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Section 8Thermal state of the Earth – Part 2 EPS-320 / Fall-2007– Professor Michael Riedel (mriedel@eps.mcgill.ca) Slide S8-2-6 As so often in geophysics, early hopes of defining the Grüneisen- parameter did not turn out to be an easy task, as it appears that this parameter is heavily dependent on not just the material itself, but more so on temperature and pressure, which makes the Thomson equation not the best tool to calculate temperature with depth absolutely. However, it can be used to interpolate between several fix-points in the temperature-depth curve, which we can determine from somewhere else independently. From mineralogy-experiments we know quite well the behavior of the olivine-spinel system and how it behaves with temperature and pressure.

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Section 8Thermal state of the Earth – Part 2 EPS-320 / Fall-2007 – Professor Michael Riedel (mriedel@eps.mcgill.ca) Slide S8-2-7 Olivine is an Fe-Mg silicate, also described as -(Mg,Fe) 2 SiO 4. We further distinguish a -(Mg,Fe) 2 SiO 4 (modified spinel structure) and - (Mg,Fe) 2 SiO 4 (spinel-structure). The phase-changes from - to - and to -(Mg,Fe) 2 SiO 4 occur at distinctive pressures (depth) and temperatures. They are also associated with sudden jumps in density and thus in seismic velocities. The 1 st phase change from - to -(Mg,Fe) 2 SiO 4 occurs at ~410 km depth with a temperature of ~1700ºK. The 2 nd phase change from - to -(Mg,Fe) 2 SiO 4 occurs at ~520 km depth with a temperature of ~1820ºK. The 3 rd phase change from -(Mg,Fe) 2 SiO 4 to perovscite occurs at ~670 km depth and a temperature of ~1950ºK. The olivine-spinel-perovscite system:

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Section 8Thermal state of the Earth – Part 2 EPS-320 / Fall-2007 – Professor Michael Riedel (mriedel@eps.mcgill.ca) Slide S8-2-8 Do we have other fix-points at greater depth to control our temperature gradient? The core-mantle boundary (CMB) and the thin layer just above it (known as D’’ – D-double-prime) offers such a fix-point. The CMB is the transition from the mantle into the liquid outer core. Knowing the melting point (liquidus) of the core-material - mostly iron (Fe) – we can define the temperature at the CMB. The D’’ layer is marked by a jump of 500ºK as defined from seismic velocities. The CMB is at 2900 km depth, marking a temperature of 3500ºK. Another fix-point is given at the boundary between inner (solid) and outer (liquid) core (ICB = inner core boundary) again by looking at the solidus/liquidus of the core material. The ICB at 5120 km depth marks a temperature of 4900ºK. In between all these temperature fix-points we could interpolate using the Thomson equation and making assumptions on the Grüneisen-parameter .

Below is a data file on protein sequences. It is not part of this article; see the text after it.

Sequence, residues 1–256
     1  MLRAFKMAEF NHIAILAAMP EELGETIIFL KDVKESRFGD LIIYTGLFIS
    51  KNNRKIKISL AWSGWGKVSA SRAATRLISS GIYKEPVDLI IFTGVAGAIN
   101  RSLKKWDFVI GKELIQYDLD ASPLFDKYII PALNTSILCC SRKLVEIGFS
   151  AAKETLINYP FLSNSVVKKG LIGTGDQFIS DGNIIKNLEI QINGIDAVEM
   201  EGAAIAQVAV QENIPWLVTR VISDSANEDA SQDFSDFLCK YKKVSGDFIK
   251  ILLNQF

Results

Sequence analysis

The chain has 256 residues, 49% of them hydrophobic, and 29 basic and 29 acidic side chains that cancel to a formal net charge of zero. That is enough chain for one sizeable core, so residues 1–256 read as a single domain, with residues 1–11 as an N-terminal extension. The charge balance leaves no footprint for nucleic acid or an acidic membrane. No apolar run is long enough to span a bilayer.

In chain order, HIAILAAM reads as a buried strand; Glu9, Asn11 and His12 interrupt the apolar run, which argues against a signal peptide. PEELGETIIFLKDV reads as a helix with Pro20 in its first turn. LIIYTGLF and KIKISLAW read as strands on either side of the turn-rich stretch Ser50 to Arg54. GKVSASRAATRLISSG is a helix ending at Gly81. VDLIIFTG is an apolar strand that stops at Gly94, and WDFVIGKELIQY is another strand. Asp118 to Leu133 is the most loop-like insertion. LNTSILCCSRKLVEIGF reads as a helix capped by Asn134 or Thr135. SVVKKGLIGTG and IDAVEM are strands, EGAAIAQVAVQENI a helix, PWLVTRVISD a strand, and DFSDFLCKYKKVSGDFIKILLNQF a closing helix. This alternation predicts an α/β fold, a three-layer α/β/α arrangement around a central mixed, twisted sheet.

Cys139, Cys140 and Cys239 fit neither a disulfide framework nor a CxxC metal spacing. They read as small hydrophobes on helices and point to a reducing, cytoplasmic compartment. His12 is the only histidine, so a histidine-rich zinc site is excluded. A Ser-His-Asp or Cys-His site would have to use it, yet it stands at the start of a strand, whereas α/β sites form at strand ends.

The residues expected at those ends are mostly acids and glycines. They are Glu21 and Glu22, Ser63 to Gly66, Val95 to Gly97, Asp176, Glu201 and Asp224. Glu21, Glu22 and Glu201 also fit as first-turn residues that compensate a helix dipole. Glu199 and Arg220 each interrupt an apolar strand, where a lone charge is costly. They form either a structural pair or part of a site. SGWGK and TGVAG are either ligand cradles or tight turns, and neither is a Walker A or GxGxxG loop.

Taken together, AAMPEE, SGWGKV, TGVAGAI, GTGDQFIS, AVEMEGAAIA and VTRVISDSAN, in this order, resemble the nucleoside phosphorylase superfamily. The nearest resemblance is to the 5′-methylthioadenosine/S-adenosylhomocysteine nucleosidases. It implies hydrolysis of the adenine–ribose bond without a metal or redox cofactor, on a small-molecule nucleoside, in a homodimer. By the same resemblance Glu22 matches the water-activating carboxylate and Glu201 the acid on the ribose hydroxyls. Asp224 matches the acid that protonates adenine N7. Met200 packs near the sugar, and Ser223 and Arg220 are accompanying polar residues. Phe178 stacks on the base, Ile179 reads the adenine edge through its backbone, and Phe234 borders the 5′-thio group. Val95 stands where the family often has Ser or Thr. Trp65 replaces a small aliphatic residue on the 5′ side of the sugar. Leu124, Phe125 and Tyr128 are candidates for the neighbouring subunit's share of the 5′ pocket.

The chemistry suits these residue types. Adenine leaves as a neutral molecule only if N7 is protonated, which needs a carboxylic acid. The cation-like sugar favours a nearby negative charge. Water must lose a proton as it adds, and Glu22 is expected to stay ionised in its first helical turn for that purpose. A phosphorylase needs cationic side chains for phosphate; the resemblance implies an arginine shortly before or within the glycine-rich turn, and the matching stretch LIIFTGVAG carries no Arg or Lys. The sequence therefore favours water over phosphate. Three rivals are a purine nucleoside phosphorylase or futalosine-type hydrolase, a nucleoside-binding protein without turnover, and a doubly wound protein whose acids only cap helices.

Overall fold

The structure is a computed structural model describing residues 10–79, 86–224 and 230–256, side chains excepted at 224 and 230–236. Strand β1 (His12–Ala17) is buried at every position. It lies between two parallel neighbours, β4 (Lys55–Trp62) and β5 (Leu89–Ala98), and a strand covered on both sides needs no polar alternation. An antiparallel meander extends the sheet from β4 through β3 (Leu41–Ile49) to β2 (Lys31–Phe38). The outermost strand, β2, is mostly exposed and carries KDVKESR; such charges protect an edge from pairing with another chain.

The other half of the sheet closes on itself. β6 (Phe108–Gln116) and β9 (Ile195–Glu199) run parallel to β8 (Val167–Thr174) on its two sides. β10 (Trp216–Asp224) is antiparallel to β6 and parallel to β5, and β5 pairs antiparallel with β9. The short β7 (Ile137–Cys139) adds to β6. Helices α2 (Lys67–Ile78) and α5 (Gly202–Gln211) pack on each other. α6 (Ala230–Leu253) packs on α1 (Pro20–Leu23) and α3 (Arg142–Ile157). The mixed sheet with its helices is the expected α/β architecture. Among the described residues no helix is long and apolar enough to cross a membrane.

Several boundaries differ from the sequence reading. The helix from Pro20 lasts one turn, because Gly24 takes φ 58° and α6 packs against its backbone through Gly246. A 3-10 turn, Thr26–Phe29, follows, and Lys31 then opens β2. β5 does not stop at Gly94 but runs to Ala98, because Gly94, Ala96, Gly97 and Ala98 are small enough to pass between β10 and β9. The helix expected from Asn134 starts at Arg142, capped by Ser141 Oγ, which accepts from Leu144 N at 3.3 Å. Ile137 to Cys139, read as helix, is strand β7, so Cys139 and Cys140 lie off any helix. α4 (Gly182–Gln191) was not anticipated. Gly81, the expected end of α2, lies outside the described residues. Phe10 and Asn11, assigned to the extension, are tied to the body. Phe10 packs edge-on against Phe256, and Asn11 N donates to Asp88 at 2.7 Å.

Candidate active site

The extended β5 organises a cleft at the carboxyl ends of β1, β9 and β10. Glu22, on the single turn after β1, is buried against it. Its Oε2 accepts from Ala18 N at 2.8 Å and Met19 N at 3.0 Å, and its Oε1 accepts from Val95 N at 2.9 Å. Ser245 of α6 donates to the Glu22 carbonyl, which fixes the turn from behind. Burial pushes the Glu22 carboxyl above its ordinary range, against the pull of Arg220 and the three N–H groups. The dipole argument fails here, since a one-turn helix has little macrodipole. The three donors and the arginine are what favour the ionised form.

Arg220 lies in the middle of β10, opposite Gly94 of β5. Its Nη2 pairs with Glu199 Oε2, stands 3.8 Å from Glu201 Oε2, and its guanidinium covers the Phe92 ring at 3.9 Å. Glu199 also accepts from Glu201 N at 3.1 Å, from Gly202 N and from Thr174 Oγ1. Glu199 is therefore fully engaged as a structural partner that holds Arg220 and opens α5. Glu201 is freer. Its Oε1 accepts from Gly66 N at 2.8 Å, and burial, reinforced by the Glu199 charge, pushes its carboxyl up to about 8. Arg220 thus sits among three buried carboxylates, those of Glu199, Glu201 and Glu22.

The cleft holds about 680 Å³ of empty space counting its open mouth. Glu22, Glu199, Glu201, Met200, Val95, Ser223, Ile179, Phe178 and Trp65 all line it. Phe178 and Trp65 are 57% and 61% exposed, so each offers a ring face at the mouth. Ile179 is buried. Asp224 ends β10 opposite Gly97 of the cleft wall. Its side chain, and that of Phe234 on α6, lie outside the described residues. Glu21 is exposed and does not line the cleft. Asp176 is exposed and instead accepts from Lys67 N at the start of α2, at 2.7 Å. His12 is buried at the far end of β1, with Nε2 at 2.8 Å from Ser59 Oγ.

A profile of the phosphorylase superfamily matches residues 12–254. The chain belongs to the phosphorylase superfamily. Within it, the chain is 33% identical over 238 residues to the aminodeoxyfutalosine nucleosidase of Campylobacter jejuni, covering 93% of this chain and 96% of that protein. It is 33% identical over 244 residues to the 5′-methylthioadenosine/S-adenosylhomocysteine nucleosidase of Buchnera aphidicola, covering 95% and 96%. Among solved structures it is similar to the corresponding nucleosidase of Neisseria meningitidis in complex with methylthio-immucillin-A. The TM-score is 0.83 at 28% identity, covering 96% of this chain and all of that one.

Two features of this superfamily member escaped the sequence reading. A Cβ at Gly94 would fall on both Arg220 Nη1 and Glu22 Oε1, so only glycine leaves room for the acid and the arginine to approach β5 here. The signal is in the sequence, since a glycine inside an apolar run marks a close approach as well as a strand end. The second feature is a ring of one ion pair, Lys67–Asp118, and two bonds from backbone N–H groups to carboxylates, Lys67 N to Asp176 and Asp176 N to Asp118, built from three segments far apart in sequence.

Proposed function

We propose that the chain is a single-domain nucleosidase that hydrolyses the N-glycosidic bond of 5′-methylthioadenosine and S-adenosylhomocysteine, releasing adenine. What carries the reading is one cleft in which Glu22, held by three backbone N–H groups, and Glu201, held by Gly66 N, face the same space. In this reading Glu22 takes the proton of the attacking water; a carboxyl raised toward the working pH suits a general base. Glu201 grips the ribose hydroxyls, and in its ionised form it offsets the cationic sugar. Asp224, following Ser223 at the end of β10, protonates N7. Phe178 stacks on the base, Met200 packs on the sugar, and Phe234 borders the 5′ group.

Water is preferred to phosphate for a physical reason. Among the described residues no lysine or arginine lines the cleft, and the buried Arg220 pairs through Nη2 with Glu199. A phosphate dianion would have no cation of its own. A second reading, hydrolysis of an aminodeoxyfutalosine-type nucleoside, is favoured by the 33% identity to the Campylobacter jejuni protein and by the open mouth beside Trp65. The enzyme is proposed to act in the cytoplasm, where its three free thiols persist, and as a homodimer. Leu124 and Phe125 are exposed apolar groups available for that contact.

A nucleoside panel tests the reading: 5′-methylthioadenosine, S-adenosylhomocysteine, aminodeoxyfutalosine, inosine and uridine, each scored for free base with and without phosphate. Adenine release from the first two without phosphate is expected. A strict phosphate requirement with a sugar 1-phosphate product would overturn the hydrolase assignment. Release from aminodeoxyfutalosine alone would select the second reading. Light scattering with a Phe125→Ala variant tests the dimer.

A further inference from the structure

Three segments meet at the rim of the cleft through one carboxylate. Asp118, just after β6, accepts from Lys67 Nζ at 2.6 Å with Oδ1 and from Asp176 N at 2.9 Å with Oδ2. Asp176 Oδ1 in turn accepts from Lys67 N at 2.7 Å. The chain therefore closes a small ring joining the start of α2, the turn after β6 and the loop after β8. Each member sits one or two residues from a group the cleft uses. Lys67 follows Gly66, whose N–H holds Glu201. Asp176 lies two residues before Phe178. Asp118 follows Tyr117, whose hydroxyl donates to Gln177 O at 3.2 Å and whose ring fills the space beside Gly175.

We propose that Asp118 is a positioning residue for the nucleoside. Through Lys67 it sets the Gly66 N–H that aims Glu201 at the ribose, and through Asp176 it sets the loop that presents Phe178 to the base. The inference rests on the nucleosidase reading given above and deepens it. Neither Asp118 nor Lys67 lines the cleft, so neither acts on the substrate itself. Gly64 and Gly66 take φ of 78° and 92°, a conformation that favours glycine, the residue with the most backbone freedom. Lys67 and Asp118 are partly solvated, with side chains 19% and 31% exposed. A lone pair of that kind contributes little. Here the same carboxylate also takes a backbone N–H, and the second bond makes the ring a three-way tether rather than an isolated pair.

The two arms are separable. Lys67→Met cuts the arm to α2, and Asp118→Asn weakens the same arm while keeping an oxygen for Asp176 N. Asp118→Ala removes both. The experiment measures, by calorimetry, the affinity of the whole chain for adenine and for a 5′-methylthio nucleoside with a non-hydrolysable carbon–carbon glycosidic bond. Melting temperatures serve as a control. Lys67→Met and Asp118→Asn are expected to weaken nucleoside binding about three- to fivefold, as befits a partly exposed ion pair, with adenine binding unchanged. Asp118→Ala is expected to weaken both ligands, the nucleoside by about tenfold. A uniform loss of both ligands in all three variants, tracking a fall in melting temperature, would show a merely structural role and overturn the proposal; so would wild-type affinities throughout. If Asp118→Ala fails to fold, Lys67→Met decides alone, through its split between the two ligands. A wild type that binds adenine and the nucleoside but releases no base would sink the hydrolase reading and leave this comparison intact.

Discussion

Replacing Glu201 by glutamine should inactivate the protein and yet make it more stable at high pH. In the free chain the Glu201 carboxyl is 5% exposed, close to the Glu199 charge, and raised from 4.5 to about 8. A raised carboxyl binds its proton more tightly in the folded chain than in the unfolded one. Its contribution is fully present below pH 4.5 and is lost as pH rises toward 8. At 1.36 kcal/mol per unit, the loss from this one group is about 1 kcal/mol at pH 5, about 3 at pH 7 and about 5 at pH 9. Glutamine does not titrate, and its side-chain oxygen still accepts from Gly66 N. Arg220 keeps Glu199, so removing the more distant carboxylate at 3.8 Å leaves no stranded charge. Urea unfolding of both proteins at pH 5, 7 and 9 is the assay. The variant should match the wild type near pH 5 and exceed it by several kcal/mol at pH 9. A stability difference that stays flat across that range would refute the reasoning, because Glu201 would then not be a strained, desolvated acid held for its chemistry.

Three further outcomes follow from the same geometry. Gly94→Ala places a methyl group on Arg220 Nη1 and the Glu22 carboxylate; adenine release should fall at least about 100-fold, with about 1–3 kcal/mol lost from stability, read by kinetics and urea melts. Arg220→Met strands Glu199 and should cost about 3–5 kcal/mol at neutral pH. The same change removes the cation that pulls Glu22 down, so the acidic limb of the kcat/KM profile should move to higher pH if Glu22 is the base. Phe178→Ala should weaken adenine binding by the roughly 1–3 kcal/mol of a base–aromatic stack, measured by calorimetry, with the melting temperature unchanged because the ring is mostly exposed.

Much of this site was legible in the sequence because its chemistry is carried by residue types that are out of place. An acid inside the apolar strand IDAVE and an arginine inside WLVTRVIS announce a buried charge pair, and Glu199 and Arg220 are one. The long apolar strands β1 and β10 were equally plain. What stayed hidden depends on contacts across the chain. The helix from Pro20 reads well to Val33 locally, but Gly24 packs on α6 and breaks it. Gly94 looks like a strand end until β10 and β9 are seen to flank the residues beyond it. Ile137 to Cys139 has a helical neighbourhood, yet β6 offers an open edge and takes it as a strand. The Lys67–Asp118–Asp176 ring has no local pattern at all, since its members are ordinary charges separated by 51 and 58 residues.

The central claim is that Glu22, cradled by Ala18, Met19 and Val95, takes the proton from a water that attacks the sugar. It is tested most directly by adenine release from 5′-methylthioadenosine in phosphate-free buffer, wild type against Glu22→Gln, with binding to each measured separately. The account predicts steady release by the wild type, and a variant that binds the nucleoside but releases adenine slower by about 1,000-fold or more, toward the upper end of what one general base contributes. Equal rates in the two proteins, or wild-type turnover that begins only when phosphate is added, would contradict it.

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Section 8Thermal state of the Earth – Part 2 EPS-320 / Fall-2007 – Professor Michael Riedel (mriedel@eps.mcgill.ca) Slide S8-2-9 Before continuing to the actual temperature distribution inside the Earth, let’s consider what is required for melting to occur in the core. Rocks made out of several individual minerals do not have a uniform melting temperature. The individual melting points define a solidus-curve, above which those minerals start to melt that have the lowest melting point. The temperature at which all material is melted is called the liquidus. The melting point of minerals is highly dependent on pressure and can be approximated by:(Law by Lindemann) Where T m = melting temperature, T m0 = melting temperature at atmospheric pressure, = density, 0 = density at atmospheric pressure, = Grüneisen- parameter.

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Section 8Thermal state of the Earth – Part 2 EPS-320 / Fall-2007 – Professor Michael Riedel (mriedel@eps.mcgill.ca) Slide S8-2-10 Modified after Strobach (1991)

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Section 8Thermal state of the Earth – Part 2 EPS-320 / Fall-2007 – Professor Michael Riedel (mriedel@eps.mcgill.ca) Slide S8-2-11 A couple of observations and comments about this temperature-depth curve: A Grüneisen-parameter of ~1.3-1.4 was used to calculate the gradient inside the inner and outer core. In the upper mantle was set to ~2 to interpolate between the individual Olivine- spinell-perovscit phase changes. The lower mantle was modeled using an iso-viscous interpolation from 670 km depth to the D’’ layer and not an adiabatic gradient! The difference is only ~ 100K, but makes a huge difference in the overall question if convection in the mantle can occur. This method by Poirier and Liebermann (1984) results in a uniform viscosity of ≈ 10 21 Pa∙s at all depths of the lower mantle. In order to allow convection, the T-grad has to be above the adiabatic T-grad. If T- grad is above the adiabatic gradient turnover of the material (instability) results automatically and convection tries to re-establish an adiabatic gradient. The thermal boundary of the D’’-layer (T jumps by 500K over less than 150 km) is origin of large mantle plumes. At the base of the D’’ layer viscosity is reduced by 4 orders of magnitude compared to the lower mantle above!